Consumption as War

Lost somewhere in Michel de Certeau’s prose, I will return to what I found particularly clear (and thus exciting), the introduction, and to a theme that struck me while reading: that of war and warfare.

On page xvii of the introduction, Certeau introduces the metaphor of war when discussing the effects products have on consumers, using the terms “actions” and “engagements” and specifically stating that he means these words in “the military sense.”  He then goes on in the following paragraph to make even more explicit this framing of cultural interpretation as warfare when he calls for a “polemological analysis of culture” (I had to look this word up, but oed.com tells me that “polemology” means the “study of war, especially as an academic discipline”).  Culture, he says, “articulates conflicts…and develops in an atmosphere of tensions, and often of violence” (xvii).  Though culture attempts to temporarily mediate this violence, offering “contracts of compatibility and compromises,” the battle between the weak and the strong is continued through our consumptive practices, or (restated in military terms), our “tactics of consumption” (xvii).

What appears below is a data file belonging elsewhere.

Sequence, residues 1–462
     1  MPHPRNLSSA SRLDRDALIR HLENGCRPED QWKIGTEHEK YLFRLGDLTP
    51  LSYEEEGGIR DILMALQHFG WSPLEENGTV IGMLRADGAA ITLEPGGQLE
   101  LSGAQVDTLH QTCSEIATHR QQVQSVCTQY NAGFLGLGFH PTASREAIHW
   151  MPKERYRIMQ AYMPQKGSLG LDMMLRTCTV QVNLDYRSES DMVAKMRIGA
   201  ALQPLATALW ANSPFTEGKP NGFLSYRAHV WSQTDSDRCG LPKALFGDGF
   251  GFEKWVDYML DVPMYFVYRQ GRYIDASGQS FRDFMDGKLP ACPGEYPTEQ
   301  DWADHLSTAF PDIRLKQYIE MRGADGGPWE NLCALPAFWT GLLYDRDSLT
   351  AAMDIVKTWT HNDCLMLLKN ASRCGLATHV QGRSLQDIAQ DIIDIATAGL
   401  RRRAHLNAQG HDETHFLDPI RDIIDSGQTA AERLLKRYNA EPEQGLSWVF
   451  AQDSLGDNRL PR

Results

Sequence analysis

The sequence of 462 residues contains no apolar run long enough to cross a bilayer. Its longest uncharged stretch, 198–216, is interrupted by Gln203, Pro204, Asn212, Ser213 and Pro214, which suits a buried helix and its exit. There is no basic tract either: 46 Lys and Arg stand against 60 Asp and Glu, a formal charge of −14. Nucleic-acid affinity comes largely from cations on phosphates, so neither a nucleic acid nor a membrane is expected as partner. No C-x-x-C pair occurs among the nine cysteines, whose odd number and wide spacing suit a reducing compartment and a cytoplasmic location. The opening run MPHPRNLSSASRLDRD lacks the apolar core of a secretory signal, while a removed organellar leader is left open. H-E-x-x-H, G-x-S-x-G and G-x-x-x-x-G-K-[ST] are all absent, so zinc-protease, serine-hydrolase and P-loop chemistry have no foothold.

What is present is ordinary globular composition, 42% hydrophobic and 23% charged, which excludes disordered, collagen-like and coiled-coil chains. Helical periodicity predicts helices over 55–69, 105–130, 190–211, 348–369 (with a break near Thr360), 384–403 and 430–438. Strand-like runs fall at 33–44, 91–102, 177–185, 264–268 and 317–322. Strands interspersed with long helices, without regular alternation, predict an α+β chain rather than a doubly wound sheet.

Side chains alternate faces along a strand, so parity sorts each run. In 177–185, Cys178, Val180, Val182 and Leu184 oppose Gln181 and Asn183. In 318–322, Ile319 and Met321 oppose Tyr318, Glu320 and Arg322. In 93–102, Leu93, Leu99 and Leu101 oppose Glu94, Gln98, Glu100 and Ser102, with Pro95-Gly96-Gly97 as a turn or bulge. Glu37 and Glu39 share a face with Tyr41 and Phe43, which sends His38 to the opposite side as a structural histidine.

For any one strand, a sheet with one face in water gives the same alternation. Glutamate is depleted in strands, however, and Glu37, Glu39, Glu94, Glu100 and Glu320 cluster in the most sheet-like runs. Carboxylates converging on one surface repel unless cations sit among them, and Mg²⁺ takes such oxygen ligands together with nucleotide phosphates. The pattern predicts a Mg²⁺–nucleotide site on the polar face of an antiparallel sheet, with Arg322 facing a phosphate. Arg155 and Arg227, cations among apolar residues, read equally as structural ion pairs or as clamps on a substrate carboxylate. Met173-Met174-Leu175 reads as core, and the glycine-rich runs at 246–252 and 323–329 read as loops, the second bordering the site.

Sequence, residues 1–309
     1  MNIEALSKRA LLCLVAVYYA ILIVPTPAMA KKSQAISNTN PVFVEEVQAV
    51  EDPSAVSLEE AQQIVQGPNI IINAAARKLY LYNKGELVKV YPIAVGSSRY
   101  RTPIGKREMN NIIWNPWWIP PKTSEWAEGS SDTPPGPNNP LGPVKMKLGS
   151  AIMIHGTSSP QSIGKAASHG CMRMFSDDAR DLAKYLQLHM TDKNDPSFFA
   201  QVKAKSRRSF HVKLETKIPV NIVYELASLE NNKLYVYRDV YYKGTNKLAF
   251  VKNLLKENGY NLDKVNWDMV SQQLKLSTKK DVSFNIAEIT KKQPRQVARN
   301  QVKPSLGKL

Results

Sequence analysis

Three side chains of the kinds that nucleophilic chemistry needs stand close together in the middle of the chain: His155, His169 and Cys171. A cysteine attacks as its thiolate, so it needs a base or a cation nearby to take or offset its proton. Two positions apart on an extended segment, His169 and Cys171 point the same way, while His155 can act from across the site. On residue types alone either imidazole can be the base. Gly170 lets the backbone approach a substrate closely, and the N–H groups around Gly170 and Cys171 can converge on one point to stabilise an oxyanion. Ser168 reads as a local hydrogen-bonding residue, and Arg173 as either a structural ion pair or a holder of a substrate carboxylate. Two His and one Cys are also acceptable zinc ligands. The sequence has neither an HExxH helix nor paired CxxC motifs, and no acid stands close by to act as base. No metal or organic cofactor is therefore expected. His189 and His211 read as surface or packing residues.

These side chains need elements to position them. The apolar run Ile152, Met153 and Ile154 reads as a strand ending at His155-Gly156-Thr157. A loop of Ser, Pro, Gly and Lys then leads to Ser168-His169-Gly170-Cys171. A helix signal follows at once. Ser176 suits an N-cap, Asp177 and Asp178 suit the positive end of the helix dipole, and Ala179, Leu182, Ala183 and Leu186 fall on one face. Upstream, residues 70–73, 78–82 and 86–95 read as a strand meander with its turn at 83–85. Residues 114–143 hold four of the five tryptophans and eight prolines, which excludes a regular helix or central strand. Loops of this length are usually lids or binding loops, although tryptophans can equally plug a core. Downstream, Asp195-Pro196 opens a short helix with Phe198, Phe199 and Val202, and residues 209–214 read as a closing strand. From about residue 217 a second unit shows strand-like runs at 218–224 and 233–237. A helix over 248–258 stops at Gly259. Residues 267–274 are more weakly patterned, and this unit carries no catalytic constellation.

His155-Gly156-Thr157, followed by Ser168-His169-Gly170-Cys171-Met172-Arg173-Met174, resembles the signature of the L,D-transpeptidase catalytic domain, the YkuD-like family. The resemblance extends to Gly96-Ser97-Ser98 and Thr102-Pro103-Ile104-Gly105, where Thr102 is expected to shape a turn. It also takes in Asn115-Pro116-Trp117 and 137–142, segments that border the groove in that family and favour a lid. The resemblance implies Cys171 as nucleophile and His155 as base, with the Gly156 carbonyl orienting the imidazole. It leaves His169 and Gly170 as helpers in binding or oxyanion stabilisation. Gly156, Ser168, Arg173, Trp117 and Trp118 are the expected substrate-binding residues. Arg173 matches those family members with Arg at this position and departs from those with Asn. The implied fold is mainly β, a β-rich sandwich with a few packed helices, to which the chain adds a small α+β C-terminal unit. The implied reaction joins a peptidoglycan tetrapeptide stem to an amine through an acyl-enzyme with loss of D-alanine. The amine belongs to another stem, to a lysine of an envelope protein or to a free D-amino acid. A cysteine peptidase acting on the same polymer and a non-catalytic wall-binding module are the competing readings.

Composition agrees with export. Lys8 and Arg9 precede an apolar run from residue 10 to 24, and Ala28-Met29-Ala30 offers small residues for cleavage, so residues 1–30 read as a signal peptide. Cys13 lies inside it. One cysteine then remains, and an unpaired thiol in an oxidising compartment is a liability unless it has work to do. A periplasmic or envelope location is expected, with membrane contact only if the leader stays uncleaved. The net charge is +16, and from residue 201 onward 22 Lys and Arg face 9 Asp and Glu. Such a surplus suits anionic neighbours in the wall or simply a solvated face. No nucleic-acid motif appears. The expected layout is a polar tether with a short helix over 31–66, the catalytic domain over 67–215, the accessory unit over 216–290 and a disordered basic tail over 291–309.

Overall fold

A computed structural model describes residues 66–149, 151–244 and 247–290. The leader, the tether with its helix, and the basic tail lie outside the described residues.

There is more work to be done here to map out the exact relationship between culture, war, and consumption (as it appears so far that culture is merely the battle ground, and consumption is the actual battle), but I was initially intrigued by this passage because of the ways it described the “tension” and “violence” in which culture exists.  These words immediately reminded me of Fanon and our discussion of colonialism and decolonization, while Certeau’s emphasis on “everyday practices” simultaneously called to mind Williams’s concept of culture as ordinary.  Essentially, two worlds collided in my head: the world of real, lived violence in a colonial or post-colonial nation, and the seemingly innocuous world of supper and trains, of everyday life.  Said had already made this connection for us, showing how seemingly harmless literature actually furthered the colonial project and brought that (violent) project into the everyday lives of the colonizer – but this connection is more explicit and forceful.  Everyday acts of consumption are war.  By purchasing a specific item and consuming it in a particular way, I am engaging in battle – and not just a metaphorical battle, but a violent battle.  Williams made valuable and meaningful everything that I do and every product that I consume – Certeau makes it dangerous, subversive, warlike.  Makes me think a lot harder about this egg salad sandwich I just made…

5 responses to “Consumption as War